It's sometimes necessary to have a true three phase signal for testing various electrical devices. Most labs don't have a source of three sine waves phased 120 degrees apart. This circuit allows these equally spaced sine waves to be generated from a single master input signal. See the following circuit:



Frequency (hz) R1 (kohms) C1 (nf)
1000 2.7 100
400 6.8 100
60 4.7 1000
50 5.6 1000

(values approximate)


The circuit works as follows: The input sine wave is inverted and buffered by unity gain op amp U1a. Its output is becomes the master signal.

The master signal is inverted again and buffered by unity gain op amp U1b. Its output becomes 0 degree phase signal L1.

The master signal is phase shifted 60 degrees by RC network R1 C1 and applied to amplifier U1d. This non-inverting amp has a gain of two, compensating for the signal loss in the RC network. Because the master signal is phase shifted 180 degrees from the input signal, and shifted an aditional 60 degrees by the RC network, the final signal is shifted 240 degrees, and becomes the L3 phase signal.

Unity gain amp U1c adds the L1 (0 degrees) and L3 (240 degrees), yielding a 300 degree phase shifted signal. It is then inverted, effectively shifting the phase an additional 180 degrees, yielding the 120 degree L2 phase signal.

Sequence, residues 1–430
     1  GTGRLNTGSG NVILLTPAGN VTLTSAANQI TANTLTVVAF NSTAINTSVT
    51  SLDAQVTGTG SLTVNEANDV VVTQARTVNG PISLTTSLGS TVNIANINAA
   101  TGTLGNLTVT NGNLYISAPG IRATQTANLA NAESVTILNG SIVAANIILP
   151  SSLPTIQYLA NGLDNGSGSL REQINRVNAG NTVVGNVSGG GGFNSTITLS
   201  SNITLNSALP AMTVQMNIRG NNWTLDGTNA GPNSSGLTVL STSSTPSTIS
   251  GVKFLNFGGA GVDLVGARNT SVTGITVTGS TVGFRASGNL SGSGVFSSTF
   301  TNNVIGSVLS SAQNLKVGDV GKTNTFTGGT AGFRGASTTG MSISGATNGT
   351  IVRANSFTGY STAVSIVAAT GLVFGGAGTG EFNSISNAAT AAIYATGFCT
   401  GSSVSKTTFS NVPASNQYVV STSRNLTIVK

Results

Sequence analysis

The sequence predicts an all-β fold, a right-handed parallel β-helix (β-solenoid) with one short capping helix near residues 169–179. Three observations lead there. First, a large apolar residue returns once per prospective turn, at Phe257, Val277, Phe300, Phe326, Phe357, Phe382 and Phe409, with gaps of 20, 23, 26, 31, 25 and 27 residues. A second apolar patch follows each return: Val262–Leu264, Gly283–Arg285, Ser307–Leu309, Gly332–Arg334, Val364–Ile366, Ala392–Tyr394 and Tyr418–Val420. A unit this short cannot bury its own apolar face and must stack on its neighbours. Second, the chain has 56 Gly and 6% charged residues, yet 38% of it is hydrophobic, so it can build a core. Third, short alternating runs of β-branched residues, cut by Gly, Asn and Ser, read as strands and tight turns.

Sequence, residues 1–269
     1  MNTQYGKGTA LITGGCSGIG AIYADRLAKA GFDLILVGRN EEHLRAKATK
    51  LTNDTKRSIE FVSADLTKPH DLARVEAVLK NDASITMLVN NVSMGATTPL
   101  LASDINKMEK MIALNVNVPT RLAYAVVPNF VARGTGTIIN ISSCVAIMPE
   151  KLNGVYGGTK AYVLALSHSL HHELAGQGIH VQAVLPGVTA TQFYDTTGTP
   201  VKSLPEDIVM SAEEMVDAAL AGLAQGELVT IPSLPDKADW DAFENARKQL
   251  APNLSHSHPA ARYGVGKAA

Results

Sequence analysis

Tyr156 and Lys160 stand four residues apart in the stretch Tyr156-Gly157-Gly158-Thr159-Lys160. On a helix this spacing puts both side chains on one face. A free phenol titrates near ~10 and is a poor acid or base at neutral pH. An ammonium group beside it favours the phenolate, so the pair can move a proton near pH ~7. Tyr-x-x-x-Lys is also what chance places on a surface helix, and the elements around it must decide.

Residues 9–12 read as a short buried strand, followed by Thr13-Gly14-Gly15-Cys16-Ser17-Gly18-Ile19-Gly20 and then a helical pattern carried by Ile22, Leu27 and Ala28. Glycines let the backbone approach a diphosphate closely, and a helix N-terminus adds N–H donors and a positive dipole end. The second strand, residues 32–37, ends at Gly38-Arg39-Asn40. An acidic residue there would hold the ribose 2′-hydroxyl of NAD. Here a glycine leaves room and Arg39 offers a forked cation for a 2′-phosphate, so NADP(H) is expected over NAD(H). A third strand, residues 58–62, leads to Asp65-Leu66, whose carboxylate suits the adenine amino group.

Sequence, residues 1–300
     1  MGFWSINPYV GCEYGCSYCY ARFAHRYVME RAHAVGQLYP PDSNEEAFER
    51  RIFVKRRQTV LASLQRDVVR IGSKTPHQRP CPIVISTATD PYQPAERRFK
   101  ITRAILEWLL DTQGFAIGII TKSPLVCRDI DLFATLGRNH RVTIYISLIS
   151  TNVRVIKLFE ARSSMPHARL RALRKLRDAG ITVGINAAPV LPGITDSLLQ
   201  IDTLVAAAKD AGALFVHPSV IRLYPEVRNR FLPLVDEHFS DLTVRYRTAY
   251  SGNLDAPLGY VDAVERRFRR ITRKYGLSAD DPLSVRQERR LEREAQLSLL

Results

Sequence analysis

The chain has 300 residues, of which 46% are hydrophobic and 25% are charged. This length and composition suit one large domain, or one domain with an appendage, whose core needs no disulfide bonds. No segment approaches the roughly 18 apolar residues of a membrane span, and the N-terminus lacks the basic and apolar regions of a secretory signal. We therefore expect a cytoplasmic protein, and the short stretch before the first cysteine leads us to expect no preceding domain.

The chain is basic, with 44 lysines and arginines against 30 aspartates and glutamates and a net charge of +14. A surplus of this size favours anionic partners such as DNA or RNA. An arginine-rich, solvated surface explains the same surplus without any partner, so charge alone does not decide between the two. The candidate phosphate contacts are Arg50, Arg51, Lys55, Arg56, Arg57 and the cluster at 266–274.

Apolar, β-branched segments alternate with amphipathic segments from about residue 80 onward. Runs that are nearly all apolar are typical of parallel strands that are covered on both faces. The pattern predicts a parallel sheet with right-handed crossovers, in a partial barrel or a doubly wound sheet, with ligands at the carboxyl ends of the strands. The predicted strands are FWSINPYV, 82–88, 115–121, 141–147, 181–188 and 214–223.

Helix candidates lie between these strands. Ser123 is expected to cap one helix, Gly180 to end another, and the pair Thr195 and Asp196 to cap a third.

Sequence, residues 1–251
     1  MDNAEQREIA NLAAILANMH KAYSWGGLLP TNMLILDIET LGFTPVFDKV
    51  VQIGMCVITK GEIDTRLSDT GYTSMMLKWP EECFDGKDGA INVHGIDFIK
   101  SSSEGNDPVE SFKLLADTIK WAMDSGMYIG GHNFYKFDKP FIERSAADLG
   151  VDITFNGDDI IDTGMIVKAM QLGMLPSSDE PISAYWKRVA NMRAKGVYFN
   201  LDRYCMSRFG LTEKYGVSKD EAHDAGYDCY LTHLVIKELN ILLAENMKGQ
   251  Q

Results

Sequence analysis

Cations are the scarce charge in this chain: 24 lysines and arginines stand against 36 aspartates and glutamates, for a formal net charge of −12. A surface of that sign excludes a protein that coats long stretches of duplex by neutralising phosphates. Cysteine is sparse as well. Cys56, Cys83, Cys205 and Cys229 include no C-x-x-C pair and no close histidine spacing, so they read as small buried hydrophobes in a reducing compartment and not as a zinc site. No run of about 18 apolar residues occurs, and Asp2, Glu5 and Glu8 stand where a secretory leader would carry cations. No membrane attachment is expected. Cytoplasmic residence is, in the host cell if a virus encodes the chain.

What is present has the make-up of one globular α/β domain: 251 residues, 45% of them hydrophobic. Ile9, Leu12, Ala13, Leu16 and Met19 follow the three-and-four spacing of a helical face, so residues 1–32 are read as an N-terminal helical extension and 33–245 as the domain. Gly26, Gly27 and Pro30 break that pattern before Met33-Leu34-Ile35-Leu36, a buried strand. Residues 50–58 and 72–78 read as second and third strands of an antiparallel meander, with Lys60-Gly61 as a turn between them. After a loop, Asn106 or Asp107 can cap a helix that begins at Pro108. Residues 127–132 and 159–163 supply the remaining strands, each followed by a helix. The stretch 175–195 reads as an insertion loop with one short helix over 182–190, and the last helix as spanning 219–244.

The circuit is designed to operate at a fixed frequency, and R1 and C1 are selected to yield the proper 60 degree phase shift. See the table below the schematic for common values.

For other frequencies, the following formula may be used:

R1 = (1.732 x 103) / (6.28 x F x C1)


R1 is in kohms
C1 is in uf
F is in hz

The outputs of this circuit may be used to drive suitable power amplifiers that provide the actual operating signals to your connected device. Make sure that all three amplifiers are identical, stable, and do not contribute any phase shift of their own.